Film >Shells of a man
Ben Affleck’s second directorial effort, The Town, builds upon the multi-hyphenate’s behind-the-camera debut, 2007’s Gone Baby Gone, and its crack at Bostonian character authenticity. This time it’s not just the players that are the stars, but also the region.
The Town mostly takes place in Charlestown, Boston, which the film tells us is the bank-robbery capital of the world. Affleck plays Doug MacRay, an expert robber whose skills at terror, planning and execution have been handed down through generations of familial crime. As per usual in this kind of tale, MacRay has a bigger heart than those around him, and he yearns to escape his Charlestown trappings. In a bravura opening heist, MacRay and his cohorts – including The Hurt Locker’s Jeremy Renner as a wild-eyed loose cannon – storm a bank and manage to break into the vault with the forced assistance of a beautiful teller, Claire (Rebecca Hall).
After the successful robbery, the FBI, headed by a morally questionable agent played by Jon Hamm, interviews Claire. She leaves out a couple of key clues to the robbers’ capture, however, and we don’t know why. Neither does she. MacRay’s crew still needs to know what she knows, so MacRay follows her and quickly falls for her out-of-towner charms. They begin dating, MacRay tries to quit the family business and, with Hamm breathing down his back, all hell breaks loose.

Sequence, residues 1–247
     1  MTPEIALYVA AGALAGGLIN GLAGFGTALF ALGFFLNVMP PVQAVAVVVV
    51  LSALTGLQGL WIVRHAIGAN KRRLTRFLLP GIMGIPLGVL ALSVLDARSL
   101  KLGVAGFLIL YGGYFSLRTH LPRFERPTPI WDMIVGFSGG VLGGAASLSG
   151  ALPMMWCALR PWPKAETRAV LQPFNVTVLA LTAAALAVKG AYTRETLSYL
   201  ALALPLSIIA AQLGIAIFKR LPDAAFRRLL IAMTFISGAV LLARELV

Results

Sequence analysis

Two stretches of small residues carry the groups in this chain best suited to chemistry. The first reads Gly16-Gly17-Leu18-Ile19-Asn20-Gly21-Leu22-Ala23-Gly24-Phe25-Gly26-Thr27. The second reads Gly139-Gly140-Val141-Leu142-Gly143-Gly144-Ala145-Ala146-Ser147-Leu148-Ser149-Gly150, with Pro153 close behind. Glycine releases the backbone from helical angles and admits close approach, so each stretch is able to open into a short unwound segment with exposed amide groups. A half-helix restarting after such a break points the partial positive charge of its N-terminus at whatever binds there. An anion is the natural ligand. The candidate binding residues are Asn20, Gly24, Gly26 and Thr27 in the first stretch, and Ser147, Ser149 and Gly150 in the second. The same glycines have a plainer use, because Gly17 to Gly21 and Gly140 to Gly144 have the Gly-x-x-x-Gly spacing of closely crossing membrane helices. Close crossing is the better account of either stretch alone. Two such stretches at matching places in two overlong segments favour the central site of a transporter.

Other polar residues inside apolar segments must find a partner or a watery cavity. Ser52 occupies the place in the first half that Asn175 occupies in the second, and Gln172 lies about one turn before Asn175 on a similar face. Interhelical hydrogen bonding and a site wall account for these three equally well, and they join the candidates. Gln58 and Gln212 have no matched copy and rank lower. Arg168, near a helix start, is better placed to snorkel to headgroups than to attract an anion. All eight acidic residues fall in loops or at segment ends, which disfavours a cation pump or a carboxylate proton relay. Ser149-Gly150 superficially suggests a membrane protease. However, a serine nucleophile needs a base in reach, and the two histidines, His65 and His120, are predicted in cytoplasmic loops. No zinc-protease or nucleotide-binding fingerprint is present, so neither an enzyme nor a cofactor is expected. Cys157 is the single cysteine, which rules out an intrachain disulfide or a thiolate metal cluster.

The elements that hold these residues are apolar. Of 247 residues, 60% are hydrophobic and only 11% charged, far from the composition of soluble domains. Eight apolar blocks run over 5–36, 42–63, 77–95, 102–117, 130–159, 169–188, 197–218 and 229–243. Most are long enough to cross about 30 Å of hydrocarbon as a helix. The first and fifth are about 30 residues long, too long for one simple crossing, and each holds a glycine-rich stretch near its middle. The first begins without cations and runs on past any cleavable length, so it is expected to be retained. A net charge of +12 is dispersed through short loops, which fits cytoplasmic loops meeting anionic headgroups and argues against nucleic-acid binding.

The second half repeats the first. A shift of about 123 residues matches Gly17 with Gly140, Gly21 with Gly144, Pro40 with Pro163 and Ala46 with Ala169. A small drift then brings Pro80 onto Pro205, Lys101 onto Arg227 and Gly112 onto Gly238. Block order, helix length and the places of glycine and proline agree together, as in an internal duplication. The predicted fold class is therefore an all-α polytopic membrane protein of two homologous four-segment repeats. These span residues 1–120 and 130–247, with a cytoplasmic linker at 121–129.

Affleck, also the film’s co-writer, delivers a sturdy actioner with several set pieces that call to mind classics like Rififi, Bullitt and Butch Cassidy and the Sundance Kid. Although the plot chugs along at a deliberately mindful pace, hitting the “last job” milestones along the way, The Town remains palpably tense and fascinating thanks to its keen eye (and ear) for its environment. I don’t think I’ve ever seen Boston like this. Affleck finds its nooks and crannies and confidently places his camera within them, giving every scene a slightly skewed, alternate reality of America as a ripe breeding ground for lawless omertá, as Hamm’s FBI agent puts it.
From a pulse-pounding chase through Beantown’s narrow cobblestone roads to an overwhelming shootout at Fenway Park to the natural robber’s dialect that always points our eye at something we haven’t considered – armored cars have “plunger” holes from which to shoot both in and out? – Affleck’s (and co-writers Peter Craig’s and Aaron Stockard’s) attention to detail allows the film to transcend its story’s cliché trappings and deliver a thrilling entry in a long and storied history of cinematic heist flicks. And while it may not reach the absurdist heights of its forebears – namely Heat – it comes awfully close.